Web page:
The Goals Of Customer Experience Leaders

Do you have the business goals of a customer experience leader?

As you think through your 2011 customer experience plans, I thought it would be valuable to share some data from the Temkin Group report, Profiling Customer Experience Leaders. We compared the business goals of customer experience leaders with those of customer experience laggards. Here’s a sample of what we found:

Not surprisingly, the largest gap is in the area of customer-centric culture. Customer experience leaders are much more dedicated to building a customer-centric while laggards are more interested in cutting costs.

The bottom line: Are your goals more like leaders or laggards?


Written by 

I am an experience management transformist, helping organizations improve business results by engaging the hearts and minds of their customers, employees, and partners. My "job" is Head of the Qualtrics XM Institute. The Institute is still being established, but our goal is to help organizations around the world thrive by mastering Experience Management (XM). As part of this focus, I examine strategy, culture, interaction design, customer service, branding and leadership practices. And, as many people know, I love to speak about these topics in almost any forum. Prior to joining Qualtrics, I was managing partner of Temkin Group (leading CX research, advisory, and training firm), co-founder and chair of the Customer Experience Professionals Association (, and a VP at Forrester Research. I'm a fanatical student of business, so this blog provides an outlet for sharing insights from my ongoing educational journey. Check out my LinkedIn profile:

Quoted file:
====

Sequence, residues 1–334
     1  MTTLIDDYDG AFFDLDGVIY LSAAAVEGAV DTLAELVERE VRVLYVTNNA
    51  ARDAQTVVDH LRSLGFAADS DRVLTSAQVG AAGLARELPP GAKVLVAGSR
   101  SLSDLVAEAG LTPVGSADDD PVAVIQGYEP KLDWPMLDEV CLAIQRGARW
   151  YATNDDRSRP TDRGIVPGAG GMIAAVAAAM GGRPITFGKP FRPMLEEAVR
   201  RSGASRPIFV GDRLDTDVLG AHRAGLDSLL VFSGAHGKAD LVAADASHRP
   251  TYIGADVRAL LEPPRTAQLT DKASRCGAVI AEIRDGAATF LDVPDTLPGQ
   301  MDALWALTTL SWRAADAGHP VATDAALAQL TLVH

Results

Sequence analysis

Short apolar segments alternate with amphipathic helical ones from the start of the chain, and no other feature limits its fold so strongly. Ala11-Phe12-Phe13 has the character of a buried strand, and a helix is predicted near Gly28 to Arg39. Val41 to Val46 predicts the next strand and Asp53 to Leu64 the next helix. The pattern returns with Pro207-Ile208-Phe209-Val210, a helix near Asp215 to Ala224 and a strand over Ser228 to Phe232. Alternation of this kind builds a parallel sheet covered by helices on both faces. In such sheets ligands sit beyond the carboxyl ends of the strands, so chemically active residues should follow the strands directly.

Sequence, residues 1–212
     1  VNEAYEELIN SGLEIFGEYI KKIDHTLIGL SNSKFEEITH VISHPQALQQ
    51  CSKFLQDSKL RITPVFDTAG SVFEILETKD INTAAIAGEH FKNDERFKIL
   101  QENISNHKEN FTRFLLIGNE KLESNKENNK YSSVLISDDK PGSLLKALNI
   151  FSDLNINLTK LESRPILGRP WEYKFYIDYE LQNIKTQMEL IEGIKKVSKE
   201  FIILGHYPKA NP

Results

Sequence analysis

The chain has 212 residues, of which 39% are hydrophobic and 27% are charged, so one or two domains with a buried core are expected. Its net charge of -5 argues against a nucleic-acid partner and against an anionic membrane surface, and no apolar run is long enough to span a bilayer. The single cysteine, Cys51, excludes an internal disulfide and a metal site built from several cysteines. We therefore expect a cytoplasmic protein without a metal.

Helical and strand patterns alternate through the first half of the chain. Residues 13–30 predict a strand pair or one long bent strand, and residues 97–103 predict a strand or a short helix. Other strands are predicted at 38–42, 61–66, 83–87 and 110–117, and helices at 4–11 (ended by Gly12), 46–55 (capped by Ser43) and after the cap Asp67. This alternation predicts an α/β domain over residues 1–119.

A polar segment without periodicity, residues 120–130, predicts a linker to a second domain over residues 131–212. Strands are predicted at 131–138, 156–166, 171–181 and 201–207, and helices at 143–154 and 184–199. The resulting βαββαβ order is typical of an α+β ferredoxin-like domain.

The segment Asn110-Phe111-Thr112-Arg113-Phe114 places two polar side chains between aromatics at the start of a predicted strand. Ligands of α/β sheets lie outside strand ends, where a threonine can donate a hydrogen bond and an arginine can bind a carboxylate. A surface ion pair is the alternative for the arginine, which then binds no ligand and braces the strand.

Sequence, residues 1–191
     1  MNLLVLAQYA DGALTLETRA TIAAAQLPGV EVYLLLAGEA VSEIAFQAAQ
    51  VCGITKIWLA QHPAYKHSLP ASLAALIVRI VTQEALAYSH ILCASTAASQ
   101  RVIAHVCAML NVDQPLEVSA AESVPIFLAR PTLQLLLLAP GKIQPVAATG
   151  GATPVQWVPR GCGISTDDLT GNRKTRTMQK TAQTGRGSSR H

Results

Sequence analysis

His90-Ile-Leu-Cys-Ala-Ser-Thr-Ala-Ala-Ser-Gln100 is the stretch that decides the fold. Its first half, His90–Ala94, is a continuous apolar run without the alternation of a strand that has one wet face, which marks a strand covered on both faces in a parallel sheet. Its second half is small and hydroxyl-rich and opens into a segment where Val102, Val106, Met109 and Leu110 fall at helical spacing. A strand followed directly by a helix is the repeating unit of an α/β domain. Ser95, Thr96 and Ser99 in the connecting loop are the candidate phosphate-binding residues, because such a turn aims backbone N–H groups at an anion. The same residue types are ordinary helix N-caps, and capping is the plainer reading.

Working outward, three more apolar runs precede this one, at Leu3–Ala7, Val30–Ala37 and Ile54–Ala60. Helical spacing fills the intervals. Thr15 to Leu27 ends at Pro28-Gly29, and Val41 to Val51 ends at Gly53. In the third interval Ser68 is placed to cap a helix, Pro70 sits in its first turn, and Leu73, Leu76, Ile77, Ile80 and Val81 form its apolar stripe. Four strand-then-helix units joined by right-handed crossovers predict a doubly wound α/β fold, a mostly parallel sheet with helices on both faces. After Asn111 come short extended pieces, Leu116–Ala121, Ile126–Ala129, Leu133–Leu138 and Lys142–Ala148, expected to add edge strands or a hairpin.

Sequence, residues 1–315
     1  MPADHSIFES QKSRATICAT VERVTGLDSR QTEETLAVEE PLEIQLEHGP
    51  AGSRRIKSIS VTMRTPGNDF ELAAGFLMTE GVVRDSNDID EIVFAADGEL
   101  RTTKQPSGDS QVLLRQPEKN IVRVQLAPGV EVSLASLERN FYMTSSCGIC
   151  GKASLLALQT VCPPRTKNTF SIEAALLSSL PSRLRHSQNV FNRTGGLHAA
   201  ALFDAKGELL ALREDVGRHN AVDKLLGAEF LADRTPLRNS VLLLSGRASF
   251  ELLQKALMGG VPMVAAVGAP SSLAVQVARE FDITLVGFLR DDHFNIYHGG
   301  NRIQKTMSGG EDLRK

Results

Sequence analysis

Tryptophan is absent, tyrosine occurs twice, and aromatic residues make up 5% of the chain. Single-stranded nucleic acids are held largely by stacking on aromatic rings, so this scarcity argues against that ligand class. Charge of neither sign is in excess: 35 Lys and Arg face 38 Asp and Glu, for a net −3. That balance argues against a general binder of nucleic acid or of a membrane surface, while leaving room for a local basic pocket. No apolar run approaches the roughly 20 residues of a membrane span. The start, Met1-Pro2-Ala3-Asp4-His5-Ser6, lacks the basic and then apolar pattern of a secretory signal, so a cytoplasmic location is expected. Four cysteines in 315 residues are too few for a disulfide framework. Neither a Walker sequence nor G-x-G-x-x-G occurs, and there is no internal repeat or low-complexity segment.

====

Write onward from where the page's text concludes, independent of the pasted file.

3 thoughts on “The Goals Of Customer Experience Leaders”

  1. It is telling that none of the goals articulate a desire to discover what Customer Experience looks and feels from the Customer’ perspective. I suppose they think that they already know that or perhaps that is included into the first goal.

  2. Seems to me the best way to cut costs is to provide a better customer experience. If you get customers off the phones because they are more satisfied, then you save costs in your (expensive) customer service call centers, right? The “saving money” group is not only short-sighted, they obviously don’t get the ultimate benefits of improving customer experience.

  3. Bruce, thanks very much for sharing this. Like Craig says above, I’ve generally seen, — across the hundreds of programs for which I’ve assisted — that a focus on improving the customer experience creates a measurable improvement in the number of loyal customers, which in turn creates higher rates of profitable growth (i.e. less expensive revenue acquisition). That said, could you share with us your definition of “Leaders” and “Laggards” – are they companies that are the leaders (market share) in their industry? Or more akin to scores (which hopefully are audited)? Sorry if I missed this in an earlier post and thanks for insight and information.

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